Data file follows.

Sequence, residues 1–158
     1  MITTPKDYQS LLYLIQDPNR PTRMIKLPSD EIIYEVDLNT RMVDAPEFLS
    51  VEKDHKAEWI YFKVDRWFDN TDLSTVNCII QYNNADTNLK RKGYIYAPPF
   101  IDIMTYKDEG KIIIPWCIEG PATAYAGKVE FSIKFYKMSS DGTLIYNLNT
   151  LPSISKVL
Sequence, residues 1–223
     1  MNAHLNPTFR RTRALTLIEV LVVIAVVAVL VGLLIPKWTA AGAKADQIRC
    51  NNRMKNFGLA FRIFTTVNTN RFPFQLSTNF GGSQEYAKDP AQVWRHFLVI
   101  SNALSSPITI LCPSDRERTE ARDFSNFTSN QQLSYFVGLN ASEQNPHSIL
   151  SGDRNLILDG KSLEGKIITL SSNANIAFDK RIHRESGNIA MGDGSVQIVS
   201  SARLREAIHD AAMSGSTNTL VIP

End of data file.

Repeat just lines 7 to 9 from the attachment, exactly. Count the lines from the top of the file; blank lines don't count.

     1  MNAHLNPTFR RTRALTLIEV LVVIAVVAVL VGLLIPKWTA AGAKADQIRC
    51  NNRMKNFGLA FRIFTTVNTN RFPFQLSTNF GGSQEYAKDP AQVWRHFLVI
   101  SNALSSPITI LCPSDRERTE ARDFSNFTSN QQLSYFVGLN ASEQNPHSIL